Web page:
Why might my dog behave aggressively toward me?

There are multiple reasons that a dog may exhibit aggression toward family members. The most common causes include conflict aggression, fear-based, defensive aggression, status related aggression, possessive aggression, food guarding aggression and redirected aggression. Living with a dog that is aggressive to family members may be difficult, dangerous, disappointing and frustrating.

Should I keep a dog that is aggressive toward family members?

In some households’ family composition, daily obligations and other issues may make keeping and rehabilitating an aggressive dog unrealistic and dangerous. Placement in another home may sometimes be an option but often a suitable home is not readily available. Euthanasia for aggression is the only guarantee a dog will not be aggressive again.

How do we avoid aggression and keep family members safe?

Safety and prevention of bites is the essential first step; both in keeping family members safe and in beginning the process of behavior modification. First, identify all situations that might lead to aggression and prevent access to these circumstances (by caging or confinement, muzzle, or environmental manipulation) or otherwise control the dog when a confrontational situation might arise (e.g., leash and head halter control, tie down). Then it is essential that these situations are avoided to prevent further injury and learning. Although the long-term goal would be to reduce or eliminate the potential for aggression in these situations, each new episode could lead to injury and further aggravation of the problem. A head collar and leash is a good way to control and prevent aggression even inside the home. A properly fitted basket muzzle is even more effective at preventing bites and may be useful in some situations. The dog is unlikely to change his behavior without retraining and the dog learns from each opportunity to practice his aggression; so limit his opportunity for additional aggressive encounters.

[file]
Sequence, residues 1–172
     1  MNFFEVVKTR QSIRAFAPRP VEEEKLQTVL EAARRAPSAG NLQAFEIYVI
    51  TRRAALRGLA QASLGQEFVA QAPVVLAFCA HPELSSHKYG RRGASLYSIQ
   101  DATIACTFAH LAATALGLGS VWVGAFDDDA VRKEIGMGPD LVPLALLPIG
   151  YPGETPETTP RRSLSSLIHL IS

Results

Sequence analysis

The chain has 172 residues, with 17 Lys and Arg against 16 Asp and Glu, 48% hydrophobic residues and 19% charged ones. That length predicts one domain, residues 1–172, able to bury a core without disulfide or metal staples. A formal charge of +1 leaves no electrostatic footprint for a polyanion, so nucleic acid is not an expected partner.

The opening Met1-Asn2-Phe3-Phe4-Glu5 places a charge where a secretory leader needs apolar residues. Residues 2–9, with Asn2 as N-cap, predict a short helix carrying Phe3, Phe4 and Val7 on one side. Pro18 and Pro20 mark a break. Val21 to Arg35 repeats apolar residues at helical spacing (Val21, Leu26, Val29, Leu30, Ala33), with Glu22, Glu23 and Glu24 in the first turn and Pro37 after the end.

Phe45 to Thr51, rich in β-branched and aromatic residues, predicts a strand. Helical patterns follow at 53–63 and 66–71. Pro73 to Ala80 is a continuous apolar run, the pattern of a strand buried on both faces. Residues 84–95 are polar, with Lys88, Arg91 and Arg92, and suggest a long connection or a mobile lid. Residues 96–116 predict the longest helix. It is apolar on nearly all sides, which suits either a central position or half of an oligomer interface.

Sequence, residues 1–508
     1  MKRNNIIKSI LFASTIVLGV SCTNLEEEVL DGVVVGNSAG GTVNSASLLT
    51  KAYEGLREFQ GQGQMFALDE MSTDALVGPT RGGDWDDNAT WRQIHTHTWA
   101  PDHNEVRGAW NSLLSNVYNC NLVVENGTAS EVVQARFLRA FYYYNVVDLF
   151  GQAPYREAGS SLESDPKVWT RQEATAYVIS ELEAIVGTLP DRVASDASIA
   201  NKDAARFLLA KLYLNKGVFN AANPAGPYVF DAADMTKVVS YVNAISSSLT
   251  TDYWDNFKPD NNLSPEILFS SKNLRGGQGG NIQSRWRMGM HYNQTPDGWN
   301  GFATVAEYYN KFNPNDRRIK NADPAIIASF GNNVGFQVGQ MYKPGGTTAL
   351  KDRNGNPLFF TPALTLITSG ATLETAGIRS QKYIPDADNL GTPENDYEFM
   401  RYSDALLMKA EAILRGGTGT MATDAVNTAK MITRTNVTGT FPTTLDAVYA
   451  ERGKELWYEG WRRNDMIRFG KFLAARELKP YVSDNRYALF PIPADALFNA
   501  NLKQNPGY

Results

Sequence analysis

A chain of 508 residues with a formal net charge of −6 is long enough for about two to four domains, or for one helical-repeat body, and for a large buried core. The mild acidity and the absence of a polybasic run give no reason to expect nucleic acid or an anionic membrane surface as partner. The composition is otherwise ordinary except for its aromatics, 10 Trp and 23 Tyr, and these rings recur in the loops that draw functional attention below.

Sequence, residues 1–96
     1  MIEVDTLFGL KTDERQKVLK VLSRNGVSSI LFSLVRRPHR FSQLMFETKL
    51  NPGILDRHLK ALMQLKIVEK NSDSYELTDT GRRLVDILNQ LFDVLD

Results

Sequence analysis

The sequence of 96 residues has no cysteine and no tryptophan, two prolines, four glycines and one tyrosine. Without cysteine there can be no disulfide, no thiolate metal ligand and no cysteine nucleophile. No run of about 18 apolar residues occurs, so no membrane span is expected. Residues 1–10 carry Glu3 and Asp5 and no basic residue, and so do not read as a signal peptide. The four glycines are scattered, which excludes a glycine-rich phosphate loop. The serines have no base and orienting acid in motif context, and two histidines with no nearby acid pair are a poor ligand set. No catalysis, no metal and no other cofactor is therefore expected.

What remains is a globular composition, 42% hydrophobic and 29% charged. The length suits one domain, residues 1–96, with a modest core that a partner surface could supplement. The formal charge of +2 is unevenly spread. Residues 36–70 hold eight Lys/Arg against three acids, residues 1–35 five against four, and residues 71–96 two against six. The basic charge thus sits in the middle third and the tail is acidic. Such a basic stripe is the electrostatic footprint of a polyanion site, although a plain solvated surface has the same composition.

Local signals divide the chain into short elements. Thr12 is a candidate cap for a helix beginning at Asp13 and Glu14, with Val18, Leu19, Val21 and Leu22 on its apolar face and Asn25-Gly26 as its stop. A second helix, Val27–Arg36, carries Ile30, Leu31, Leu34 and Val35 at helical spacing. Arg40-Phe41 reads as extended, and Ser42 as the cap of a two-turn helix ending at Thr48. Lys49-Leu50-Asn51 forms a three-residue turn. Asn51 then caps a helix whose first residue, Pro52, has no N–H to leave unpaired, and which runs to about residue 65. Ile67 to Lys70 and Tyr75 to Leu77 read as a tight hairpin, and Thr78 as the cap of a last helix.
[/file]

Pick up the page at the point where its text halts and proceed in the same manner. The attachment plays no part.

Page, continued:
Once the family elects to begin a behavior modification program for aggression, their ability to keep people safe and prevent aggressive episodes must be reevaluated constantly. If there are frequent safety lapses, accidental bites or new bites occurring in new and unforeseen circumstances then the decision to keep and treat this dog must be reassessed.

Don’t we just need to show our dog that we are alpha or dominant for the aggression to stop?